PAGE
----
Sticking with the vector notation for now, the velocity of the center of mass is given by
$$\vec{v}_\text{cm} = \frac{m_1 \vec{v}_1 + m_2 \vec{v}_2}{m_1+m_2}.$$ What's the center of mass doing in this problem?

#### d3nat

In terms of vectors, the sum of the momenta is given by $m_1 \vec{v}_1 + m_2\vec{v}_2$ and the relative velocity is $\vec{v}_1 - \vec{v}_2$. When working in one dimension, sometimes we're sloppy and just drop the arrows. The sign of the answers we get for $v_1$ and $v_2$ tell us the directions. Often, though, it's easier to think about things in terms of speeds. We assume $v_1$ and $v_2$ to be positive and put the directions into the equations explicitly. In this case, you'd have $m_1 v_1 + m_2 (-v_2) = m_1 v_1 - m_2 v_2$ and $v_1 - (-v_2) = v_1+v_2$. Either way is fine. You just have to be consistent.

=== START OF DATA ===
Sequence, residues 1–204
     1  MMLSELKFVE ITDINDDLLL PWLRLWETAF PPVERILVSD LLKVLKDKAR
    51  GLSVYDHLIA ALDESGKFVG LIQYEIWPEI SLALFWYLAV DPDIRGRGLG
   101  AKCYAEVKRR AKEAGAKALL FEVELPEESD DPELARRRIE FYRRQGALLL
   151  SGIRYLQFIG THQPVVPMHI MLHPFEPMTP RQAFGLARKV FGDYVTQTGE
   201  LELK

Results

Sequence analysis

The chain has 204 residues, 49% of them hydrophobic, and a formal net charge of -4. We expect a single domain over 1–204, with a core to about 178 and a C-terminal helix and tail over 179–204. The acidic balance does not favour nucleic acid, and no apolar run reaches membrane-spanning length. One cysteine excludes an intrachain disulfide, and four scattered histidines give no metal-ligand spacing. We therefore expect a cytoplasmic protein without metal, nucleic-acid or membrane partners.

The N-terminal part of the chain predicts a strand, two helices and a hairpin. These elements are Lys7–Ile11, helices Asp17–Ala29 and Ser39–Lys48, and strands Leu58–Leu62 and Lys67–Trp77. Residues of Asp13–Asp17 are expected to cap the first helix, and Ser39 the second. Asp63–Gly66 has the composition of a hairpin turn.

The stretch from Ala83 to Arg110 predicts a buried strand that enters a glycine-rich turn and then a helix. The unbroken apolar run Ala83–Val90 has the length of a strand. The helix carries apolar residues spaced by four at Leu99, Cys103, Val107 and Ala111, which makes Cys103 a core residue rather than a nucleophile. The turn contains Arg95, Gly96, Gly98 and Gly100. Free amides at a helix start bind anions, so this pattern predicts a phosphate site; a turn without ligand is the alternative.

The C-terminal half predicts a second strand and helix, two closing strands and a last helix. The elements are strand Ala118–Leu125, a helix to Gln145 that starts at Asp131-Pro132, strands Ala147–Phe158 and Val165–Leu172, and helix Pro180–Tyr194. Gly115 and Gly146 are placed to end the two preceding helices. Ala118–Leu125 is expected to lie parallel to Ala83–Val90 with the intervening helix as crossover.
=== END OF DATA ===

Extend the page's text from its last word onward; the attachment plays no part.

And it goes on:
Sticking with the vector notation for now, the velocity of the center of mass is given by
$$\vec{v}_\text{cm} = \frac{m_1 \vec{v}_1 + m_2 \vec{v}_2}{m_1+m_2}.$$ What's the center of mass doing in this problem?
Hmmm, I'm not positive.
Would the center of mass be staying in the same spot?

#### vela

Staff Emeritus
Homework Helper
Yup. If it wasn't moving before, it would only begin moving in response to an external force acting on the boy-rope-girl system, but there aren't any in this situation.

#### d3nat

Yup. If it wasn't moving before, it would only begin moving in response to an external force acting on the boy-rope-girl system, but there aren't any in this situation.
Maybe I'm just not seeing it, but how does this relate to their final velocities?
Do I need to find where the center of mass is and know they'll both meet there. Then try to use the time, the distance they each traveled, and their respective masses to figure out their final velocities?

#### vela

Staff Emeritus
Homework Helper